Ready to switch jobs

Discussion in 'Special Education' started by educatingme, Feb 14, 2007.

  1. educatingme

    educatingme Companion

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    Feb 14, 2007

    First, let me say that I love my job. Which makes it very hard for me to understand why I DON'T love my job! Confusing, I know.

    I started working last year after my 8th and youngest child started school all day (actually, it was his second year of being in school all day...the first year I waited by the phone for someone to "need" me!). Anyway, it was a no-brainer. I love kids. I love kids with special needs (my youngest has special needs, we'd also been foster parents to children with special needs), I have no degree, the hours would be perfect and insurance came with the job...being a Special Ed. Assistant (Paraprofessional?) would be perfect.

    I passed the ParaPro with flying colors and got a job pretty quickly. I would be a one-on-one assistant to a high school Junior who just happens to have Down Syndrome. It was difficult at first because all I heard was how this guy didn't "need" a one-on-one. I felt devalued. But, I soon found my niche, I began working with him...compliments were abundant.

    However, I found that while I loved the teacher I worked with outside of the classroom (on a personal level), I didn't necessarily like her inside the classroom. She was very high-strung, threw fits, had unrealistic expectations and did not teach with love. My standard is based on the type of teacher I would want my own child with special needs to have and she did not meet my standard.

    This year I was switched to another room with the laid-back, hands-on, teaching with love and guidance teacher that I requested. I am the only female in a room of 13 male teenagers, 4 other assistants and a teacher. I've loved my position.

    Until...one of the students began having bm's several times a day and I became responsible for some of those changes (there's so much more that is out of the ordinary than just a bm diaper!). I would gag and cry...but, continue to fulfill my responsibilities. But, finally, I decided that I couldn't do it and I would need to find a different position. As much as I hated to leave the other (mild handicapped) boys, this one issue was making me miserable at work and at home.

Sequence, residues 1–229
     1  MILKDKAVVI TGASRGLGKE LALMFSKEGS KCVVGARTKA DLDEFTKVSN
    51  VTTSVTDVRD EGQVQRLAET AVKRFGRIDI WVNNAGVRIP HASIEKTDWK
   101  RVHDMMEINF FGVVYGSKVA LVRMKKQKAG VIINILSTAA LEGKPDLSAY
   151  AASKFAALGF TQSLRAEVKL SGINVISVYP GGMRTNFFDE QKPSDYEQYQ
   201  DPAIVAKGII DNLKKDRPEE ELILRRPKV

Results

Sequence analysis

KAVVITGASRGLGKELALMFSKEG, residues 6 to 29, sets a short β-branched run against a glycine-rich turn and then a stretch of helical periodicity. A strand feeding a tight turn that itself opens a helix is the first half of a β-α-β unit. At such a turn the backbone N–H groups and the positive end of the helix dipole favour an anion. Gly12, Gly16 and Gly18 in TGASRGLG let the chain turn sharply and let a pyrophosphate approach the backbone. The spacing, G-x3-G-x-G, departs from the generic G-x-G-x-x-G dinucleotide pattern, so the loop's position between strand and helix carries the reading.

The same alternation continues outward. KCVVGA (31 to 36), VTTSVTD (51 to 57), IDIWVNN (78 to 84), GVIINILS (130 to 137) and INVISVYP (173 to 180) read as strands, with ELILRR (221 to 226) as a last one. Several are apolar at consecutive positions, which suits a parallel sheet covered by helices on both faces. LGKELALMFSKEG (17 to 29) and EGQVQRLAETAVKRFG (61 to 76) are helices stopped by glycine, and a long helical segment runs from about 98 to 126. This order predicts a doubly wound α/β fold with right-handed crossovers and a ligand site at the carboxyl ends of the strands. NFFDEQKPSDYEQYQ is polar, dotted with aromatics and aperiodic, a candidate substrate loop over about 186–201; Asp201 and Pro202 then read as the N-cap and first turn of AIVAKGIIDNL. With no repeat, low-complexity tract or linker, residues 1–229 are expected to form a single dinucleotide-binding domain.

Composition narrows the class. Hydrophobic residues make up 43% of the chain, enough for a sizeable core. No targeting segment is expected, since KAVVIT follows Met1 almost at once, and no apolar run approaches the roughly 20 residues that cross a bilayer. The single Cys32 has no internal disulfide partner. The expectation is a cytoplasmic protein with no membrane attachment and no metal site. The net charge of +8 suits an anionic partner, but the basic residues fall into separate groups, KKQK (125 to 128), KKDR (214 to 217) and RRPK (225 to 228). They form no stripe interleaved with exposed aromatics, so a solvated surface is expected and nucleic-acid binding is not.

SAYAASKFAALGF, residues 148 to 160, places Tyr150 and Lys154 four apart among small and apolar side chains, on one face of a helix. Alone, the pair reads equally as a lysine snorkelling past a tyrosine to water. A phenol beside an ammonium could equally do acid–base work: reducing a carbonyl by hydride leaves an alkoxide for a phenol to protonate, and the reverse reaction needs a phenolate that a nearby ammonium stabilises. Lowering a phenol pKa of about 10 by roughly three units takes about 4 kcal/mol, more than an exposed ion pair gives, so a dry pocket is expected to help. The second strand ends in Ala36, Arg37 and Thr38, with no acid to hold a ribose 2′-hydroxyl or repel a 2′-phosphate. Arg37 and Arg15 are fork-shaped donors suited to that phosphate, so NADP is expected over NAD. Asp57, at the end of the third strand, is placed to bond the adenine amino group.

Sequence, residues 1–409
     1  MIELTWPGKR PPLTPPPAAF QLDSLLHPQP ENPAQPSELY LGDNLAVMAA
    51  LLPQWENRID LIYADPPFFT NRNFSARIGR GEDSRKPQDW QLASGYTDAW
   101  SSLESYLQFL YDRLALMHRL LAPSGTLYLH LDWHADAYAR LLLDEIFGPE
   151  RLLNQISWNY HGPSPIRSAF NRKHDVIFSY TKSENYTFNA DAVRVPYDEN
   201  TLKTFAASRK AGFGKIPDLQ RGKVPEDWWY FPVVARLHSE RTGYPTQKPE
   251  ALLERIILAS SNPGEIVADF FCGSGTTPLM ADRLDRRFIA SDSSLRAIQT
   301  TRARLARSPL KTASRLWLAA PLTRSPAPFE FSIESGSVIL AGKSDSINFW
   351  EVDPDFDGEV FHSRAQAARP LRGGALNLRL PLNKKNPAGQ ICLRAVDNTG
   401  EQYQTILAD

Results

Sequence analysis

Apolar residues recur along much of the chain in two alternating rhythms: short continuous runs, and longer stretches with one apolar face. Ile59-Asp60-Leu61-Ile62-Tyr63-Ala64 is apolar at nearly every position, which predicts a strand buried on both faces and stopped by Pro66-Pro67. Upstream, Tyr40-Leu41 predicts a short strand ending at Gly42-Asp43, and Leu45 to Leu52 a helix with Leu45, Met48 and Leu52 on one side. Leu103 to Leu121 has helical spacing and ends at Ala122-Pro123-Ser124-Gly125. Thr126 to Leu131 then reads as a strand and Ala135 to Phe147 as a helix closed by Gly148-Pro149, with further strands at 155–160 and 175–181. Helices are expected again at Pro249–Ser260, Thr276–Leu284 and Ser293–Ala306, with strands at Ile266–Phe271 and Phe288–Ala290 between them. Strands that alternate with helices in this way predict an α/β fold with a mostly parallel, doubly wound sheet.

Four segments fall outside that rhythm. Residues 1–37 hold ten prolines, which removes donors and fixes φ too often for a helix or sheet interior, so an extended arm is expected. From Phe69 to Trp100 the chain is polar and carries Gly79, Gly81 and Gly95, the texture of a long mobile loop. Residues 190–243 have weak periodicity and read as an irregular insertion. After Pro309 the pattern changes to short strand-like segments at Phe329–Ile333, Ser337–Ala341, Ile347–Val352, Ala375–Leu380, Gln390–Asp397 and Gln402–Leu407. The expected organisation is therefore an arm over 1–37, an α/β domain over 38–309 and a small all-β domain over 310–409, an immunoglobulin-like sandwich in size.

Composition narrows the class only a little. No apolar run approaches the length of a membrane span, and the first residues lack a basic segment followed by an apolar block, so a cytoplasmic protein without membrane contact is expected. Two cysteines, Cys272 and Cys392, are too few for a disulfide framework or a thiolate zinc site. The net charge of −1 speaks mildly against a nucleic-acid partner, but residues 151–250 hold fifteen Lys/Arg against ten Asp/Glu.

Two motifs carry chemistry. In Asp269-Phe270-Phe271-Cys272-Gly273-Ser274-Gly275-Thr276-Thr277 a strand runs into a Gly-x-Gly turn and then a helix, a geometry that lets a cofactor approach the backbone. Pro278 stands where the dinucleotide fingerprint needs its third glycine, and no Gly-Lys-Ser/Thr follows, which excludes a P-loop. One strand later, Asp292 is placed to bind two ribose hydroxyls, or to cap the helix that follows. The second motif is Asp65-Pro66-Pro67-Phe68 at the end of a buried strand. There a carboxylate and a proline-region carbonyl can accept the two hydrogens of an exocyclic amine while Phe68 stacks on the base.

I expressed my desire to find a new job and began looking at my options. I dreaded leaving some of the boys I love so much and I've invested so much time and energy in teaching one boy to read with some good success...but...

    I had four interviews. I turned the first down right away. The second job had been filled (the person they'd offered the position to a month before finally accepted) by the time I arrived at the interview. The third (with 4th and 5th grade EH) I interviewed for twice trying to make up my mind and in the end, I got scared and turned it down. The fourth sounded perfect for me!! I really wanted that job...but, I never heard back.


    In the meantime, the teacher in my classroom wrote me an amazingly encouraging letter and said that I'm basically an awesome assistant and he'd rather have me there and NOT change diapers, than to not have me at all. That worked for a week (though, I felt TERRIBLY guilty when I felt like I was getting out of my turn)...but, Monday, when the teacher was out of the room and this boy had to be changed...the other two assistants in the room refused to do it.

    It had to be done. I did it.

    But, I can't keep doing it. I have to find a new job...but, I don't want to trade one problem for another. I know I have a lot to offer the right position. The problem is finding the right position. I'd called three different schools that either put me on hold for so long I finally hung up, never called back when I left my number or didn't know who I was supposed to talk to regarding the position.

    What is the best way to "advertise" myself for a position that will benefit me, my employer AND the students I work with? I would love to work in a position that would help me to decide where I want to work when I finally become a teacher (I start my decade long part-time school career in March)...but, I need to find another position asap.

    I can't change a grown man's diapers, anymore. I hate admitting it, but I just can't do it.
     
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  3. SpecialTexan

    SpecialTexan Rookie

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    Feb 14, 2007

    Your only recourse, honestly, is to give up and go home. I'm sorry, but it's true. If you had a teaching credential to back up that love and talent, you could teach resource. Unfortunately, there isn't much call for a para in a resource setting. You are going to find any job you take to be emotionally and physically taxing due to the unique needs of the students you serve. I've taught in a couple of severe/profound MR classrooms, so I was very grateful when I found my current job as an elementary resource teacher. I enjoy it so much!

    :sorry:
     
  4. teresaglass

    teresaglass Groupie

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    Feb 14, 2007

    Couldn't you work in a middle school classroom or with severly handicapped children that are elementary? Terry G.
     
  5. educatingme

    educatingme Companion

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    Feb 14, 2007

    I find it hard to believe

    That every single assistant's position is going to require me to change diapers. If I want to change diapers I'd go to nursing school for a relatively short time and make at least twice as much as I'm making now. Ugh!